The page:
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Classics Like Romeo and Juliet Adapted for the Screen and the New Great Gatsby Movie and Its Setting

November 15, 2011 | Comments: 0 | Views: 237

Chose a classic and chances are it has been adapted into a movie or television show. Some of the adaptations may be exactly as the original version was and others may take liberties, but it seems as though a classic untouched by Hollywood is about as common as a movie version of the SAT. Why are these classics churned in Hollywood again and again? From straight "remakes" to "inspired by," Shakespeare's Romeo and Juliet has seen countless adaptations and is among the most frequently adapted classics. What is it about stories like Romeo and Juliet that inspire someone to make a movie that so many want to see? For some classics, like Romeo and Juliet, it seems like it's the story or concept. For others it's the interesting or likeable characters. Some classics may be attractive to Hollywood simply for the unique "world" or location where the story takes place. In the case of The Great Gatsby, it's all of these things.

The Great Gatsby has been adapted into several major motion pictures and there is a new one in the works right now. Writer/director Baz Luhrmann (Moulin Rouge, Australia, Romeo and Juliet) is shooting his version of F. Scott Fitzgerald's novel. Yes, there have been other Gatsby movies, but this one will be different because it is Baz Luhrmann, and because it will be... in 3D! So you will be able to go to the movie theater and see Nick Carraway, Jay Gatsby, and Daisy in all their three-dimensional glory. So, why do we see Hollywood making another Great Gatsby movie? (Especially considering the fact that the 1974 film won many academy awards.) The story, characters, and setting are all extremely appealing.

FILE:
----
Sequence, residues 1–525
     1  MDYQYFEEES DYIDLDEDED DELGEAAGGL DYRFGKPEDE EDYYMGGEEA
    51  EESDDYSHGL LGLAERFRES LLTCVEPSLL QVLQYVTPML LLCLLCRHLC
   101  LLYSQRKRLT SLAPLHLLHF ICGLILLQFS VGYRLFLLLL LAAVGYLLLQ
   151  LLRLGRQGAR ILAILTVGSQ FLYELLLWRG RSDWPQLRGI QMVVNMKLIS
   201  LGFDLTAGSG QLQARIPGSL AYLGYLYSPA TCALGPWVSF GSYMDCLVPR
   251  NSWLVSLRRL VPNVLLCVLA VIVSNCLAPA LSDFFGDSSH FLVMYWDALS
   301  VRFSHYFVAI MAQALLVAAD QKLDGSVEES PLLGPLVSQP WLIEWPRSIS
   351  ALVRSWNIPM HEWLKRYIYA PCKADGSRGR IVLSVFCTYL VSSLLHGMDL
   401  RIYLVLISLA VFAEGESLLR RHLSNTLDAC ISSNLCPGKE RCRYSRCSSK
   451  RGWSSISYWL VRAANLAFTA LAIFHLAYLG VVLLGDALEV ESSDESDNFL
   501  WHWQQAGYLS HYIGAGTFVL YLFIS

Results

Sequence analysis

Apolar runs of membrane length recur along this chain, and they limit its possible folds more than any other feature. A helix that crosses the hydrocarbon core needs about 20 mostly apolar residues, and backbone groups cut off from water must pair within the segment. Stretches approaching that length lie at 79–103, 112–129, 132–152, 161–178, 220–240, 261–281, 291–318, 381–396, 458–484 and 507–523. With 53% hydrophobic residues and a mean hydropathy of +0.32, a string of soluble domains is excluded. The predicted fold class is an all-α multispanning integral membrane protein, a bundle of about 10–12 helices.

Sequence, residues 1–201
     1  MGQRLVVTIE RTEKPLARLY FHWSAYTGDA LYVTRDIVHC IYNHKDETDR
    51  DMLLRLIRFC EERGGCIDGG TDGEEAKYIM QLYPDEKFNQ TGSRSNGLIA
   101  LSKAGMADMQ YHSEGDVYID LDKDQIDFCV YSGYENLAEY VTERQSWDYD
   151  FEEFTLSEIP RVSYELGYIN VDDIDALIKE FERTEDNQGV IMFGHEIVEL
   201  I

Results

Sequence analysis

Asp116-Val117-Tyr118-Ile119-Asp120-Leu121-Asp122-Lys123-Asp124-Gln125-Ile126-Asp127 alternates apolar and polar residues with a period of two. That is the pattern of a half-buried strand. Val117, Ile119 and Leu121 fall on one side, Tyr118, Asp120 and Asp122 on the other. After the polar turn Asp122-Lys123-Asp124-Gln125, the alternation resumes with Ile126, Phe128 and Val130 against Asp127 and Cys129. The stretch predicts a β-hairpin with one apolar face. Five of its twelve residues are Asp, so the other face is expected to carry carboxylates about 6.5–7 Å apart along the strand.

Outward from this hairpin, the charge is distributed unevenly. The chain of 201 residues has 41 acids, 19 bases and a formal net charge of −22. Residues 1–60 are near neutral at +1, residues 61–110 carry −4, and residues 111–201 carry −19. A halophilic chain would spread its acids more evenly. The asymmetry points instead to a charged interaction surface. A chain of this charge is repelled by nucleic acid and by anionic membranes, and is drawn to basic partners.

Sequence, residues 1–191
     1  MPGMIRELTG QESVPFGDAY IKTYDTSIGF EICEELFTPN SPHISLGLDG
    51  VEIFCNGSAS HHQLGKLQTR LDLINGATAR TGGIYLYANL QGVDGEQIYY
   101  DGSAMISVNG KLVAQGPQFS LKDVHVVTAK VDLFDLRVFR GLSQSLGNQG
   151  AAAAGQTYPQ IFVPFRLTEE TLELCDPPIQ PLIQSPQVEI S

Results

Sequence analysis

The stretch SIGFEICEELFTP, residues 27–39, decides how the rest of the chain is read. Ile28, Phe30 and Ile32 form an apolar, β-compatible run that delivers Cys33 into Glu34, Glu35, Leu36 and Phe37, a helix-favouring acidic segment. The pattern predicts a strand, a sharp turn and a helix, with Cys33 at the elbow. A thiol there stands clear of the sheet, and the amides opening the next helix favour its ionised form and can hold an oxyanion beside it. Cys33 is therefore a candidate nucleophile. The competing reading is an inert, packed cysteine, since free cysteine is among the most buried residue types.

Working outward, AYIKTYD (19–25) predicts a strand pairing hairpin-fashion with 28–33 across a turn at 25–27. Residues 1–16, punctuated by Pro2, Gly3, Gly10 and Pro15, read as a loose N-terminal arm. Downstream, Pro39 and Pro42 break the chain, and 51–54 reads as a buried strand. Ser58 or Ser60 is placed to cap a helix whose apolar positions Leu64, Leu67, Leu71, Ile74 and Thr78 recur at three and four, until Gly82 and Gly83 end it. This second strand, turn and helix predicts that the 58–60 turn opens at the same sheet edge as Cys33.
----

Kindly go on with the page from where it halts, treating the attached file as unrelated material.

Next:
The story is Nick Carraway's and we sympathize, relate, and root for him. We enjoy Nick's journey in this world and we appreciate how he has changed by the end. He has all the ingredients of a memorable character. Jay Gatsby and the lengths he goes to for his extreme love-slash-obsession with the ethereal Daisy Buchanan is both enthralling and entertaining. We are also taken by the world in which the story is set. The rich and unique setting, New York and the north shore of Long Island during the 1920s, is intriguing and exciting.

So what does taking a piece of great literature and turning it into a movie mean as far as experiencing the story? Writers of novels intend for them to be a personal, quiet, experience for a reader. As a movie, the story is being presented in a movie theater, with an audience. It is no longer the author speaking to one person. Seeing the actors play characters on a screen and watching the story unfold rather than reading it, completely changes the experience. We cannot experience it at our own pace, stopping to consider a moment in the book or going back to see if we missed something. We are in the hands of the filmmakers, allowing them to show us how they see the novel. Perhaps this is why so many people say, "The book is always better than the movie." When we sit down to read a book we are a bigger part of the experience, we are making the movie inside our own minds as we sit, with the author, and imagine what he or she is telling us.

Paul Thomson is an avid reader of English Literature. His areas of expertise include SAT, Romeo and Juliet, and ACT Prep. In his spare time, he loves to participate in online literature forums and promote reading for youth.

Source: EzineArticles
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